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ITALY

Netflix to arrive in Italy on October 22nd

US film and television-streaming giant Netflix said on Wednesday it will launch in Italy, Spain and Portugal in late October, expanding its global drive to compete with traditional channels.

Netflix to arrive in Italy on October 22nd
Netflix will arrive in Italy on October 22nd. Photo: Matthew Keys / Flickr Creative Commons.

The online service for streaming films and television series will launch in Italy on October 22nd, Portugal on the 21st and  Spain on October 20, it announced in videos published online.

Netflix executive Neil Hunt was quoted by Spanish newspaper El Periódico in September as saying a subscription to the service would cost from 7.99 euros (about $9.00) per month.

Netflix was founded in 1997 and has more than 65 million users in 55 countries, most of them in the United States.
   
It launched in Japan this month and said it also plans to do so in South Korea, Singapore, Hong Kong and Taiwan.
   
The company reported sales of €4.9 billion ($5.5 billion) last year.

 

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ITALY

Italy’s Renzi wants ex-ECB boss Draghi to become prime minister: report

Ex-PM Matteo Renzi would like to see former European Central Bank chief Mario Draghi become prime minister of Italy, a party source told Reuters on Sunday.

Italy's Renzi wants ex-ECB boss Draghi to become prime minister: report
Matteo Renzi. Image: Andreas Solaro/ POOL / AFP

“I would say that is one of our proposals,” confirmed the source, who declined to be named.

The Italian government collapsed last week when PM Giuseppe Conte resigned. The former coalition allies are currently trying to come to an agreement and sort out their differences.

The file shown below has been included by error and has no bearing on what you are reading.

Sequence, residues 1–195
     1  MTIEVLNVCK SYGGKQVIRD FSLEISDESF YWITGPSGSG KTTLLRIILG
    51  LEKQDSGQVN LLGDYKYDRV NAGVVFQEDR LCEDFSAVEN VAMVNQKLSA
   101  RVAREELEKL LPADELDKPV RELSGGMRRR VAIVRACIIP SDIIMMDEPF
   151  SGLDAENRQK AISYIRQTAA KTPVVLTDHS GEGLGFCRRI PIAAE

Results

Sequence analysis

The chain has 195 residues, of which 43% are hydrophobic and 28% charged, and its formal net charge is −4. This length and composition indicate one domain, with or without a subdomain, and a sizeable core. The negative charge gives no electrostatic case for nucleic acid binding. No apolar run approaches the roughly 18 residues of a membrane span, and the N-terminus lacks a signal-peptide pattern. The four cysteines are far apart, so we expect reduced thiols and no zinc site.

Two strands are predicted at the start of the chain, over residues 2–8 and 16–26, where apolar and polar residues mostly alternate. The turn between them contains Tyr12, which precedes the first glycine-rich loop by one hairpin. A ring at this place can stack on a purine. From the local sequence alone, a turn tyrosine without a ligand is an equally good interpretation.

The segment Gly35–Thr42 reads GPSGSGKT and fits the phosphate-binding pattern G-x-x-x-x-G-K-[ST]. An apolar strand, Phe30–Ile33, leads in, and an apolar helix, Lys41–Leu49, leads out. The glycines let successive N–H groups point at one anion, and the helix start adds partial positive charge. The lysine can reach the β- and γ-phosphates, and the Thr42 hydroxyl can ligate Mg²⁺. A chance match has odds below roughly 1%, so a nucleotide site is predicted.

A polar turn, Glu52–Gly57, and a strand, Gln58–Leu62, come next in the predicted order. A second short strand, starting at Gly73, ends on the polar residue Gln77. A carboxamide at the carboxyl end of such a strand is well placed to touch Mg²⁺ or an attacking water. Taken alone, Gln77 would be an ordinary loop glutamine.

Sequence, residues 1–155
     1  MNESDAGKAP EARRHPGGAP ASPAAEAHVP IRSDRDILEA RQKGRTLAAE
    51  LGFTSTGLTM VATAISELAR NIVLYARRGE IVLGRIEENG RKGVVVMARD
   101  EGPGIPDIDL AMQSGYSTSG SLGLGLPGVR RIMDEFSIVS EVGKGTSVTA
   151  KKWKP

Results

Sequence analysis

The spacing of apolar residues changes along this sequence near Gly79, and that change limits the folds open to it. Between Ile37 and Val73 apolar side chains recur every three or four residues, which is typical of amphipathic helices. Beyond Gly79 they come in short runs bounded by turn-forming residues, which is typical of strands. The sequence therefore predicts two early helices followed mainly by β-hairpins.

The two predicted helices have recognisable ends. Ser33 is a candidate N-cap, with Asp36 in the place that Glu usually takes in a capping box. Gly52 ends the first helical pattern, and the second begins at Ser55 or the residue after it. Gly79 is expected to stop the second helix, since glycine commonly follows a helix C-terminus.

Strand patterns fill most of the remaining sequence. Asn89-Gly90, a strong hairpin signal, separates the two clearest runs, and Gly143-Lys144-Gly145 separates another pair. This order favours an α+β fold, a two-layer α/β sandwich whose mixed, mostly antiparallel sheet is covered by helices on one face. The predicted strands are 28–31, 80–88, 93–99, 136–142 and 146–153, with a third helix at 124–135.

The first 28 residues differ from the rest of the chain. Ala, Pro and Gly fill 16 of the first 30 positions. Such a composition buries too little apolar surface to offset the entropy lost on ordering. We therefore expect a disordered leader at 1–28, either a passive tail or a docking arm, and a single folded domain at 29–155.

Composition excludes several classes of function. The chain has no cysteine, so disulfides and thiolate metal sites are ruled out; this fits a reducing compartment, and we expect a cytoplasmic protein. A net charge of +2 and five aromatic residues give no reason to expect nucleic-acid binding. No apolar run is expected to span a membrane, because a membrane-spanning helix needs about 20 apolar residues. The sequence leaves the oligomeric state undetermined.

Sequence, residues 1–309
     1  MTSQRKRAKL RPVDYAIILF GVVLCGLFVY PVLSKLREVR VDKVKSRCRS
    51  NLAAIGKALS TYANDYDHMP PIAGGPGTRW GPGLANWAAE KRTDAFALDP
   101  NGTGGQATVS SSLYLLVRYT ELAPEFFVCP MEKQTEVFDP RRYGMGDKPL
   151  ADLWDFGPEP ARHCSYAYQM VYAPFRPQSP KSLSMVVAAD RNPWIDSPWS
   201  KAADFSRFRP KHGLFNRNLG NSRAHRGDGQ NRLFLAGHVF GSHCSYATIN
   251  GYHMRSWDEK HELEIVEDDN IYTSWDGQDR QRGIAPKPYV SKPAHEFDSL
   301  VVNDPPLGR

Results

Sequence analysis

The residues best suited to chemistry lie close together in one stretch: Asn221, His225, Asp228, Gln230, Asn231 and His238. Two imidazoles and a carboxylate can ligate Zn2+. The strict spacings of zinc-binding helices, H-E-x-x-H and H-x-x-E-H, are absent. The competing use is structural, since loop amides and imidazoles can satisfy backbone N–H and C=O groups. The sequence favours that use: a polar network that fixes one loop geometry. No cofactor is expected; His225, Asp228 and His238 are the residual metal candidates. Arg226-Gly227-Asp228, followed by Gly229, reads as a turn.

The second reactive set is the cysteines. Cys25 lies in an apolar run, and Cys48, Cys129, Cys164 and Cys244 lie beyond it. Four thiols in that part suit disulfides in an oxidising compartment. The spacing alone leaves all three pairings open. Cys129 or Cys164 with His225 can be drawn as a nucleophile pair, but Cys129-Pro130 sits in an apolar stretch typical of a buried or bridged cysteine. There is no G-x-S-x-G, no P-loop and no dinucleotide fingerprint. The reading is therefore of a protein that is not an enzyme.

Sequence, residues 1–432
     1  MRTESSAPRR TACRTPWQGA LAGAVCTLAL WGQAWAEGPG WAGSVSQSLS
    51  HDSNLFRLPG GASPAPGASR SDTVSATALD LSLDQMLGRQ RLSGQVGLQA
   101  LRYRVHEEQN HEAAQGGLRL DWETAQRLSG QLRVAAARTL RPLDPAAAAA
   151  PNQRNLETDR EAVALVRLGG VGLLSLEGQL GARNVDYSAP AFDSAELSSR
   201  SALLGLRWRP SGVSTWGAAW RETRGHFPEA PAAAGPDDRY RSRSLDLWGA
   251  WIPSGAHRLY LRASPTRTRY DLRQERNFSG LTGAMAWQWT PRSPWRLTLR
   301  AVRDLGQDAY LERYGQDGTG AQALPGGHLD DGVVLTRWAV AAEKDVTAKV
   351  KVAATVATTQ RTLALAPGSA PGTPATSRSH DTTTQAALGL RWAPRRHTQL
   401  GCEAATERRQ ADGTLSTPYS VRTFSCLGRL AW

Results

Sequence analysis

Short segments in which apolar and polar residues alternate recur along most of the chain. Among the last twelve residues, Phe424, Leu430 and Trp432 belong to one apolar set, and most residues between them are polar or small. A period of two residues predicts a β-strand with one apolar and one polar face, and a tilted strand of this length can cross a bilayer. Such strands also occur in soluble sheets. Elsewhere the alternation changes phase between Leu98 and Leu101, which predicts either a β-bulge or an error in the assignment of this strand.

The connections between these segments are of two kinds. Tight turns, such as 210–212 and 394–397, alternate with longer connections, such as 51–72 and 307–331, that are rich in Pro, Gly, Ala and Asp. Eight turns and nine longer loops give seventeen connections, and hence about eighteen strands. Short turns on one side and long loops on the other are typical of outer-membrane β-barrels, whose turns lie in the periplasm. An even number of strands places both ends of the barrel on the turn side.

The centre-left government had been in turmoil ever since former premier Matteo Renzi withdrew his Italia Viva party earlier this month, a move that forced Conte to step down this week.

During the past year, Renzi frequently criticised Conte’s management of the pandemic and economic crisis.

Italy’s La Stampa newspaper also reported on Sunday that President Sergio Mattarella was considering Draghi for the prime ministerial role. However, Mattarella’s office promptly denied this, saying there had been no contact between them.

So far, there has been no comment from Draghi, who hasn't been seen much in the public eye since 2019.


Italy's president, Sergio Mattarella, gave ruling parties more time on Friday to form a new government, after the resignation of Prime Minister Giuseppe Conte. 

Coalition parties Italia Viva, the centre-left Democratic Party (PD) and anti-establishment 5-Star Movement must come to an agreement to allow the government to heal. 

Renzi, a former prime minister himself, has pubilcly stated that he does not want to talk about who should lead the next government at this stage, reasoning that the parties need to agree on a way forward first.

“Any effort today to fuel a discussion about Draghi is offensive to Draghi and above all to the president of the republic,” Renzi said in an interview published on Sunday with Corriere della Sera.

A senior Italia Viva lawmaker also told Reuters that “If the president gives a mandate to Draghi, we would certainly support this”. 

Renzi, whose party is not even registering three percent support in opinion polls, quit the coalition over Conte’s handling of the COVID-19 pandemic and his plans for spending more than 200 billion euros from a European Union fund to help Italy’s damaged economy.

READ ALSO: Why do Italy's governments collapse so often?

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